Remarks at a UN Security Council Briefing on the United Nations Multidimensional Integrated Stabilization Mission in Mali (MINUSMA)

Amy Tachco
Political Coordinator
U.S. Mission to the United Nations
New York City
June 14, 2018


Thank you very much, Mr. President. And many thanks to Under-Secretary-General Lacroix for his briefing and a welcome to Foreign Minister Coulibaly. Ça fait plaisir de vous avoir ici a New York.

Mr. President, we are gravely concerned about the continued deterioration in the security situation and the corresponding worsening of the humanitarian situation in Mali. We are alarmed that in the past six months, nine peacekeepers and seven MINUSMA contractors have been killed and 36 peacekeepers injured. The ongoing attacks against MINUSMA across central and northern Mali present a serious challenge to the meaningful implementation of MINUSMA’s mandate. The number of casualties, coupled with the limited progress on the ground, highlight the need to think carefully about what we are asking of MINUSMA.

The strategic review that the Under-Secretary-General briefed us on has provided an opening for a difficult conversation. Looking at the Council’s observations over time and the helpful and specific recommendations provided by the review team, it is time to take action. This month, it is incumbent on this Council to contemplate how we can enable MINUSMA to support a more secure Mali and ensure it makes substantive progress towards implementation of the Algiers Accord.

First, we look towards July, when we expect free, fair, credible, and transparent elections, with the full and meaningful participation of women. Successful elections will be essential to securing the gains Mali has achieved so far. Establishing a meaningful dialogue between the government, the political opposition, and civil society, and ensuring that political space is open for peaceful demonstration, are important to ensuring all parties see the elections as credible. We urge all stakeholders to resolve any disputes through established mechanisms in accordance with the law.

We express our sincere appreciation to the Prime Minister and leadership of the signatory armed groups for their efforts over the last few months to find common ground and build momentum toward implementation of the peace agreement. But all the parties have wasted far too much time over the last three years when little progress was made. We share the Secretary-General’s concern that there has not been enough meaningful progress on implementation of the peace agreement and agree that MINUSMA should focus more of its efforts and limited resources on the political process. This Council should use all available means to bring a sense of urgency to the process and encourage quick progress in uniting the Malian people around a common project. And if we do not see progress, we should seriously consider how long we can sustain this mission without serious and active partnership of the parties.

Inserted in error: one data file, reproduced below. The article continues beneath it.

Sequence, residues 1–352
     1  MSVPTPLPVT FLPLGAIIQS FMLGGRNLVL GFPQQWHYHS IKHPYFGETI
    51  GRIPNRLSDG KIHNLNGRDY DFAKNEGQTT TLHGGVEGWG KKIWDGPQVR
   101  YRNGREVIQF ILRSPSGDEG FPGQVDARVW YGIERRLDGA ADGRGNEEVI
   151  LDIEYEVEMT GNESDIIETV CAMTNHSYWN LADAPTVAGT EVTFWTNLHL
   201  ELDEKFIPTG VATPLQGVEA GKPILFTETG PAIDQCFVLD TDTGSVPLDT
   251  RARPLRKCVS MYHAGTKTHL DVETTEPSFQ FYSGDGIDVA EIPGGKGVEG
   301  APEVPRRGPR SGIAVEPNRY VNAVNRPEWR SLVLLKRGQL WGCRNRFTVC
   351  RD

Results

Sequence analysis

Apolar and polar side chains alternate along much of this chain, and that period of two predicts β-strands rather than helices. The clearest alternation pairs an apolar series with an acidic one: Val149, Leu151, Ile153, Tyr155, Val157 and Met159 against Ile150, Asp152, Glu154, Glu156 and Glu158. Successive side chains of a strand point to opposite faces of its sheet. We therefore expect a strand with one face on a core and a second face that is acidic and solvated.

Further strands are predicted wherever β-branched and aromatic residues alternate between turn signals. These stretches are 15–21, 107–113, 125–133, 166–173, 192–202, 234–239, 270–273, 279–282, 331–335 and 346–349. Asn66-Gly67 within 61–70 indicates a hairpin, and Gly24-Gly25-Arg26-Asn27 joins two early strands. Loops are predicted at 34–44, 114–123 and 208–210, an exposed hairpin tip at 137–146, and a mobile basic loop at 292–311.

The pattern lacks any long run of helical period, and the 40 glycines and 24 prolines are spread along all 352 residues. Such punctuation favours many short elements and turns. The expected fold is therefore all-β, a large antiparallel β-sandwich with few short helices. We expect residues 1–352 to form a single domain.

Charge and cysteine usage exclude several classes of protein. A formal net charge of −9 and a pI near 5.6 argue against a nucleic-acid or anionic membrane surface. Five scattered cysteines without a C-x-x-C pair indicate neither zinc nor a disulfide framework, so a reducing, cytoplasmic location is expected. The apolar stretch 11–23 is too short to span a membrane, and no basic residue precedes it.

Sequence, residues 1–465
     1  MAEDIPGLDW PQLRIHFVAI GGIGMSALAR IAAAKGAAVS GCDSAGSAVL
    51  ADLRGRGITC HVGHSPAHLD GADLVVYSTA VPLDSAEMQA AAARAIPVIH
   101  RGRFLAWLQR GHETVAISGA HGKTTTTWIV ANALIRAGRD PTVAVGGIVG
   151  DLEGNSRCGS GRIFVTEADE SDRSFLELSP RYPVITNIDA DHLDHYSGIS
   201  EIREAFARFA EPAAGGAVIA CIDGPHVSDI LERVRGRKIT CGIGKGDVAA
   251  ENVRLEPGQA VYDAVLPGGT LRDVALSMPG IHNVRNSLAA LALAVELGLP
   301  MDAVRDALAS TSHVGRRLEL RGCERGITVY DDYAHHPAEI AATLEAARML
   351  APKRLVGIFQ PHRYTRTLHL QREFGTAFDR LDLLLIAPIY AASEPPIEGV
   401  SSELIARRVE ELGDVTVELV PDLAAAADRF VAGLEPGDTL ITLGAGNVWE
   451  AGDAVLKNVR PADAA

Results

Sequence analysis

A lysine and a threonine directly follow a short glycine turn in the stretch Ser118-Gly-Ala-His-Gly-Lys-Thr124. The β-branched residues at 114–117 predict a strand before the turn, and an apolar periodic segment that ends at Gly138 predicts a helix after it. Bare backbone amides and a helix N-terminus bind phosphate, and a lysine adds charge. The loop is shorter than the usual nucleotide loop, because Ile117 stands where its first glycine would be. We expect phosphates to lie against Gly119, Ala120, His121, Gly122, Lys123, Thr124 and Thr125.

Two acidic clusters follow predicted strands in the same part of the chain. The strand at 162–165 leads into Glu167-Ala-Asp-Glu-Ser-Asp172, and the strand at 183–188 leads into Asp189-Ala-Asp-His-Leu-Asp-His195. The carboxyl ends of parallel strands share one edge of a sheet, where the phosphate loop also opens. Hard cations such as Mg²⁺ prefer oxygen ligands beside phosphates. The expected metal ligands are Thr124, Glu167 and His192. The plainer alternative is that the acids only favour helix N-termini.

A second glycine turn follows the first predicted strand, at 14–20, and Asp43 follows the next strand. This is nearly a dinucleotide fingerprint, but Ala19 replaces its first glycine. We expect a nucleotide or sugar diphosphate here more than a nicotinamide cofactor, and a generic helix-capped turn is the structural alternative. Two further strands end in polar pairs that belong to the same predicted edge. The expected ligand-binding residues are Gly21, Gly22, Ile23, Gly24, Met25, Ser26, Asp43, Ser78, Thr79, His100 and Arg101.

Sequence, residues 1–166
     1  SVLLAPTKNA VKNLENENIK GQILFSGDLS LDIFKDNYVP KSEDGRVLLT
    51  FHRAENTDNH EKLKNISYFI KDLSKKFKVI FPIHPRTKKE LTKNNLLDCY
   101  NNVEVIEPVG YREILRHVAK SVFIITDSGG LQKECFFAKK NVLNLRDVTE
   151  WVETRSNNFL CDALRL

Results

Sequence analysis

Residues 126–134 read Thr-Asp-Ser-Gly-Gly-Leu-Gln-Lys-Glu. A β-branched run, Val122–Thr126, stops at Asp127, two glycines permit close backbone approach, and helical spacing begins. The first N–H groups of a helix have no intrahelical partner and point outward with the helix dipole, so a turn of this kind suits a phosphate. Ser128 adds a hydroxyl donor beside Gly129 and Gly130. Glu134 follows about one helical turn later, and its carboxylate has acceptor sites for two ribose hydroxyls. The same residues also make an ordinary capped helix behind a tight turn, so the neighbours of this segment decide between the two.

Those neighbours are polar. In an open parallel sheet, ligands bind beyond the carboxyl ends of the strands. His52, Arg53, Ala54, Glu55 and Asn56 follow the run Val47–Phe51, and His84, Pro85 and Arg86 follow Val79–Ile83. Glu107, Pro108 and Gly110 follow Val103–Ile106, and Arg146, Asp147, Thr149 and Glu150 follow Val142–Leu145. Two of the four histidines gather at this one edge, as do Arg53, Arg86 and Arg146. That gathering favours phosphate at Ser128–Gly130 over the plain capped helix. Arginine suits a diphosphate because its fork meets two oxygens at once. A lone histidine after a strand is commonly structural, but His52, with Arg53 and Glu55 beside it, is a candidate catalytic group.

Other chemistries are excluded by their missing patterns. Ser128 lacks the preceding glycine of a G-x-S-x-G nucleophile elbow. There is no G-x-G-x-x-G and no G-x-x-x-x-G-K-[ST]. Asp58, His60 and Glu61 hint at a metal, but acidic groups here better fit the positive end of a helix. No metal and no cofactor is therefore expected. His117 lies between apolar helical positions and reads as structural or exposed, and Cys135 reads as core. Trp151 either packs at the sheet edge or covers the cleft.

Mr. President, MINUSMA operates in an incredibly challenging security environment, with few resources available to focus on initiatives beyond protection of the mission itself. Given that reality, it is time to streamline the mandate to increase support to political engagement and scale down the mission’s focus on less critical activities. Such streamlining necessitates tough choices as we seek to eliminate, refine, or sequence mandated tasks that are either not directly supporting the political process or have stalled altogether.

We are also worried about growing instability in central Mali, like others, and we support the review’s recommendation that some reconfiguration of the force in the north is necessary. The consolidation of bases could reduce troop exposure and free MINUSMA resources to complete tasks beyond force protection. Such an undertaking ought to be conducted at the discretion of mission leadership, with the safety of mission and personnel in mind. We also share the assessment that failure to contain the crisis in the central region could have a significantly detrimental impact on the stabilization and social cohesion of the country, risking a reversal of the small gains realized so far. We want to see MINUSMA prioritize the expansion of the force’s footprint and its community engagement in central Mali to better address protection of civilian concerns.

The strategic review also raises the concern, which we share, about parameters of service provision to non-UN entities. The report rightly points out that support to non-UN entities risks jeopardizing the mission’s impartiality and its legitimacy in the political space.

Finally, the United States applauds the UN for its continued attention to human rights incidents, especially investigations into numerous and credible allegations of violations and abuses of human rights and violations of international humanitarian law We would like to echo concerns regarding the Malian security forces, and we urge the Government of Mali to swiftly investigate allegations of human rights violations by its forces and hold accountable those responsible. For Mali’s peace process to succeed and its population to unite around its government, the people must not fear the very security forces sent to protect them.

Mr. President, as elections approach, Mali is at yet another crossroads. We in this Council are united in our support of Mali and in our desire to see the country’s leaders come together to make peace, govern the entire country, and ensure the Malian people’s well-being, safety and opportunity.

I thank you very much.